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California Limits Prison Appeals

Continuing the agenda of the prison guards union, the California Department of Corrections issued a notice of changes to prison administrative regulations governing appeals of conditions of confinement by prisoners. The changes include doubling the time limits prison staff have to respond to administrative appeals, limiting the number of appeals a prisoner may file within seven days to one, permitting prison staff to reject appeals if they contain "false information, or profanity or obscene language," and allowing staff to suspend a prisoner's right to appeal for up to six months if they determine he or she has "abused" the appeal process.

The guards union claims the restrictions are long overdue and necessary to stem the flood of "unwarranted complaints" filed by people in the world's largest prison system. According to a union spokesperson, more than 40,000 administrative appeals were filed by prisoners in 1996. Prison officials say the changes are designed to streamline the appeal process, to force prisoners to use the appeal system more responsibly, and to allow staff adequate time to "address and resolve the appeal issue at hand," according to Bonnie Garibay, the prison system's chief of appeals.

In Lancaster, a maximum security prison in California's southern desert, an appeal at the informal level may take staff nine months to answer. Administrative law provides for an answer in five working days. But, there are no sanctions for violating the time limits. Consequently, staff routinely ignore appeals or answer them months late. "There is no effective administrative appeal process in the state of California any longer," said Pete Silverbrand, a lifer and jailhouse lawyer at Lancaster. "The appeal system was mandated by the federal courts in the 1970s. But prison officials know, under recent U.S. Supreme Court decisions, the federal courts will no longer intervene to protect prisoners from the day to day abuses of guards and prison staff."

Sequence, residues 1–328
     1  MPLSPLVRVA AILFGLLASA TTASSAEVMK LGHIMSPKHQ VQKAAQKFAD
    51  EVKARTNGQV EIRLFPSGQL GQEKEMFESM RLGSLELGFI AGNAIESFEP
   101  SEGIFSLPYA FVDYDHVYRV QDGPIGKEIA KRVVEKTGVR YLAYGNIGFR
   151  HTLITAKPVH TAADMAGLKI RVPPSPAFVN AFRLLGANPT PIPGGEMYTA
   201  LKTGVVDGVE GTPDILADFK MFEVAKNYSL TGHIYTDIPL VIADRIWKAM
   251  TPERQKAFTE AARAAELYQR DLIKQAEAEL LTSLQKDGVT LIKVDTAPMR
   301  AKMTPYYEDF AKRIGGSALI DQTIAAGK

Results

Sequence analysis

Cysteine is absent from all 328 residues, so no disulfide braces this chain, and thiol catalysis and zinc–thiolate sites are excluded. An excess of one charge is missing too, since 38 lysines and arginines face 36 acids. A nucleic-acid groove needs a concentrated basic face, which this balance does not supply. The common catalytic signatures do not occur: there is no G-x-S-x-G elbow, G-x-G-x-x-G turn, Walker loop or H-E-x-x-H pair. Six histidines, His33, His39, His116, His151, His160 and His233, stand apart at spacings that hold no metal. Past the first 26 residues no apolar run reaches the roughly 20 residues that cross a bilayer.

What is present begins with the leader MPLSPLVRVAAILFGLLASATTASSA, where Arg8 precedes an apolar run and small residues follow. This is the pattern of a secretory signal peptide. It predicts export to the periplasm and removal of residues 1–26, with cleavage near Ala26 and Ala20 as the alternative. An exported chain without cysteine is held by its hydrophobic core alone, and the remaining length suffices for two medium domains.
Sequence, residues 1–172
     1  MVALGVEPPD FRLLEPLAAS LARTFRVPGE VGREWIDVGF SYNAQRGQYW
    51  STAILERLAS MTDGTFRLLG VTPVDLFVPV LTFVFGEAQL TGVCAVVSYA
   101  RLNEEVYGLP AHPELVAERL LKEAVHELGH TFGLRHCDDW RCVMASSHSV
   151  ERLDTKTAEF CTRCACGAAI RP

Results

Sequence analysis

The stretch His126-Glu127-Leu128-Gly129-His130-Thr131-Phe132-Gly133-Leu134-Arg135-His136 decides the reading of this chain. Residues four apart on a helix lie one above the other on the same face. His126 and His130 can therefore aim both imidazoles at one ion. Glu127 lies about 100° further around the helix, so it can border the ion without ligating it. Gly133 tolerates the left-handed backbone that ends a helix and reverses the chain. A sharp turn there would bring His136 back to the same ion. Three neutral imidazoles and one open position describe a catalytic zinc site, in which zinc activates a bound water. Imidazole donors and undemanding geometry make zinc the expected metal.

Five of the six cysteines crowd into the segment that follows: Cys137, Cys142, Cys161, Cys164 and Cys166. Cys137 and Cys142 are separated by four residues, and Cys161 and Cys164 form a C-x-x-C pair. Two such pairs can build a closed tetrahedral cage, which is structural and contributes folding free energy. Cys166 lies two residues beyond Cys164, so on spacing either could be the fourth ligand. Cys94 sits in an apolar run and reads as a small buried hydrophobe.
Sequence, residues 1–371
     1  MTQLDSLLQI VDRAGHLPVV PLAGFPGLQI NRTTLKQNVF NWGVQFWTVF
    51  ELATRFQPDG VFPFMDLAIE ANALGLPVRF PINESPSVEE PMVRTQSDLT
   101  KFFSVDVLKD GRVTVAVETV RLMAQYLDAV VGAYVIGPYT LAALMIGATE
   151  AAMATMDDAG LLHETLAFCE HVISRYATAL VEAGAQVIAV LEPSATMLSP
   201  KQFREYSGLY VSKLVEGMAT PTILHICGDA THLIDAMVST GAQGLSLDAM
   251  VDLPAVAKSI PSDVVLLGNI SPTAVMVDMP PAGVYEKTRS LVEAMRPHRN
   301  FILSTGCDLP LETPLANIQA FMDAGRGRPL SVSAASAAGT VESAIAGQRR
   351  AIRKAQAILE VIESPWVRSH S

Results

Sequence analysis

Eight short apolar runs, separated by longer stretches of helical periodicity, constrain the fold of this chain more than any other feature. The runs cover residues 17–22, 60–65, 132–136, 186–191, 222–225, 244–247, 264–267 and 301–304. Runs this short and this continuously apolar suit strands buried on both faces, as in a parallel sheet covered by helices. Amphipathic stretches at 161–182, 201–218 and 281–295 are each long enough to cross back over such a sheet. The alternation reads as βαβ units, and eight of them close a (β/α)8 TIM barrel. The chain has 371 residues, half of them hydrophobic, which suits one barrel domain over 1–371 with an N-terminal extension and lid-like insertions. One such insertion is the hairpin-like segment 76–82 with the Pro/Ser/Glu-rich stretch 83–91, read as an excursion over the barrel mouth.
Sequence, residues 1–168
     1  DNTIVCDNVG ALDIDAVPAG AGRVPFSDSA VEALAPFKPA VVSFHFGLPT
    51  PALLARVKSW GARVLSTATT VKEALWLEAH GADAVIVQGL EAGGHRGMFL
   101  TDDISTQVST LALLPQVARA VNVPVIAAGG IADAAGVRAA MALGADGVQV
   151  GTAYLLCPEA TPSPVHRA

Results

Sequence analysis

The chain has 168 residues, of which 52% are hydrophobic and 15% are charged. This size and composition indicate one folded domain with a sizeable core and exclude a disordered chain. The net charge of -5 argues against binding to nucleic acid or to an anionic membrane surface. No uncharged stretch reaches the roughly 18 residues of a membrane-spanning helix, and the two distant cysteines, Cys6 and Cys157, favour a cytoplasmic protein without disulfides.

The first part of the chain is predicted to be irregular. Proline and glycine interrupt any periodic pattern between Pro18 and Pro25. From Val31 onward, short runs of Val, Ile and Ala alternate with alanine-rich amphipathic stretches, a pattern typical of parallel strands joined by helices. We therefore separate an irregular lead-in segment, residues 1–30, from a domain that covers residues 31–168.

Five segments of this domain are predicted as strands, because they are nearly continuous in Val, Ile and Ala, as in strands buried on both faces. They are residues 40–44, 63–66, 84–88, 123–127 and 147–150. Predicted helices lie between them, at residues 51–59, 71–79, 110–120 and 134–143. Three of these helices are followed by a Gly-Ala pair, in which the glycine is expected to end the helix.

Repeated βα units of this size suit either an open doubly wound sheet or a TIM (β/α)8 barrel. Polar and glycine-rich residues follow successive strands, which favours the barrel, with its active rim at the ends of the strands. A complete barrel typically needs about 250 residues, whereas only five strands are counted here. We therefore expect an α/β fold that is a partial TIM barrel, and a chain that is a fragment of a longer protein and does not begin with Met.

Garibay said prison officials completed investigations into 40,796 appeals in 1995-96, an 11% increase from the previous year. Thousands of additional appeals were filed, she said, but dismissed out of hand because "they did not meet regulatory criteria for acceptance." More than 70% of the appeals filed were granted at the informal level. CDC headquarters in Sacramento received 9,409 appeals during that time. Those appeals were processed by 23 employees working out of a special office with an annual budget of more than $1 million, according to Garibay.

Karen Stewart, a longtime prisoner rights activist, fears the appeal restrictions will keep misconduct by prison staff from the attention of CDC administrators and the public. "These 602s (the CDC form number on prisoner appeal forms) are sort of a thermometer of what's happening in your prison," she said. "If you're seeing a type of behavior that comes across your desk that's inappropriate, it means staff may need a little assistance, a little employee counseling, some training. If you're seeing a pattern, you need to look a little deeper."

The CDC has already implemented the new appeal restrictions without waiting for approval by the office of Administrative Law. The OAL is the agency responsible for insuring the administrative regulation process goes according to state law. Under Republican Governor Pete Wilson, a frequent recipient of donations from the state's prison guards union, the OAL's budget has been slashed and they are no longer able to fully investigate complaints about violations of the regulatory creation process.

"This is just another stick of dynamite to an already growing bundle," said a lifer who wished to remain anonymous. "Bit by bit, the guards union has taken every small program, privilege, or improvement prisoners won in court and through bloodshed in the 60s and 70s. And the saddest part is that these younger prisoners don't even know what's going on, or what's going to happen."

Sacramento Bee

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